You are in a classroom listening to someone self-important, dignified, and ponderous (but dull), wearing a tweed jacket (white shirt, polka-dot tie), pontificating for two hours on the theories of history. You are too paralyzed by boredom to understand what on earth he is talking about, but you hear the names of big guns: Hegel, Fichte, Marx, Proudhon, Plato, Herodotus, Ibn Khaldoun, Toynbee, Spengler, Michelet, Carr, Bloch, Fukuyama, Schmukuyama, Trukuyama. He seems deep and knowledgeable, making sure that no attention lapse will make you forget that his approach is "post-Marxist," "postdialectical," or post-something, whatever that means. Then you realize that a large part of what he is saying reposes on a simple optical illusion! But this will not make a difference: he is so invested in it that if you questioned his method he would react by throwing even more names at you.
It is so easy to avoid looking at the cemetery while concocting historical theories. But this is not just a problem with history. It is a problem with the way we construct samples and gather evidence in every domain. We shall call this distortion a bias, i.e., the difference between what you see and what is there. By bias I mean a systematic error consistently showing a more positive, or negative, effect from the phenomenon, like a scale that unfailingly shows you a few pounds heavier or lighter than your true weight, or a video camera that adds a few sizes to your waistline. This bias has been rediscovered here and there throughout the past century across disciplines, often to be rapidly forgotten (like Cicero's insight). As drowned worshippers do not write histories of their experiences (it is better to be alive for that), so it is with the losers in history, whether people or ideas. Remarkably, historians and other scholars in the humanities who need to understand silent evidence the most do not seem to have a name for it (and I looked hard). As for journalists, fuhgedaboudit! They are industrial producers of the distortion.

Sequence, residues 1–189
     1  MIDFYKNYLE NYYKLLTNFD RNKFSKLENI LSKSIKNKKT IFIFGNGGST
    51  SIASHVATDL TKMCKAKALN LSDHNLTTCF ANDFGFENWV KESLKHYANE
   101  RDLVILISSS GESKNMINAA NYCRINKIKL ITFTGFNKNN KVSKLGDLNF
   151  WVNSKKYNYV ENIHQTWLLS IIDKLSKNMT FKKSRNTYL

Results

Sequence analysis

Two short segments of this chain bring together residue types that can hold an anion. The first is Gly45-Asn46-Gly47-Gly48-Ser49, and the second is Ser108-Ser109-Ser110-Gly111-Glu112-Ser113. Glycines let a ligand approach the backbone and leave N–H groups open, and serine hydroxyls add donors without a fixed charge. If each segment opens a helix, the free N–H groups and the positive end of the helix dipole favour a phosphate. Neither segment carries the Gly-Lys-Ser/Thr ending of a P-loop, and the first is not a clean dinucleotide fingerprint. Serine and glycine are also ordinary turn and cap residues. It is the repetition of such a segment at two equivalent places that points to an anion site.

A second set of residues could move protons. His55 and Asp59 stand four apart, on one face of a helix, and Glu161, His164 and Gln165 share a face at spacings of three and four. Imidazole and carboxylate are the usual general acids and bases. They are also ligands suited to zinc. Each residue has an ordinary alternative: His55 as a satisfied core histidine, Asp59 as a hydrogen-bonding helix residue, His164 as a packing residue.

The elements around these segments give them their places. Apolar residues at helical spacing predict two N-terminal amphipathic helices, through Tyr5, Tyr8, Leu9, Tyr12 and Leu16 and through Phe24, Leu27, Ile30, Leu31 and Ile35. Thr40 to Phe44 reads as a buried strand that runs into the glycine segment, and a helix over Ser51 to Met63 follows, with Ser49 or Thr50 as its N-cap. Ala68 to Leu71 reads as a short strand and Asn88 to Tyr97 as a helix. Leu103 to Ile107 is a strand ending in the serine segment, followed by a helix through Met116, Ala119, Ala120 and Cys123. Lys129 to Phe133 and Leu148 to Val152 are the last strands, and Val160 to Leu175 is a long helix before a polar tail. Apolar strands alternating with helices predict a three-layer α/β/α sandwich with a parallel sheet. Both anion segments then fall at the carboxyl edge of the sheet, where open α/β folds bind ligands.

- Nassim Taleb, The Black Swan (2008)
I wish there were some less snotty way of saying this, but The Black Swan is remarkably erudite and provocative for an airport bestseller. Taleb is a Europeanized intellectual writing for somewhat pretentious Amherst-educated Wall Street traders, and it shows: there's a lot of chrome in the form of references to Umberto Eco and assorted Respectable Humanistic Thinkers You May Have Heard Of. Yet there is a great deal of genuine learning, too, and Taleb seems utterly sincere in his admiration of Sextus Empiricus, a thinker who receives more time in the spotlight here than he has for probably three hundred years. There is none of that stereotyped pop-non-fiction air of authority that comes from ventriloquizing a cherry-picked study or a dubious expert.
There is still, however, an air of authority that permeates the whole book: Taleb's claim to superior insight based on being both very well-read and a former successful Wall Street trader. This is not a modest book. Taleb includes chunks of very thinly-disguised autobiography and plenty of anecdotes in which he is invariably the smartest guy in the room. No doubt they were at least partially motivated by the need to cater to that particular school of business-think that assumes that people who don't self-advertise have nothing to say. Most of them are not wholly implausible, either, even accounting for the distortions introduced by selective memory and the lack of the other side of the story. Above all, they help you identify with the guy--after all, don't we all know plenty of academic stuffed shirts?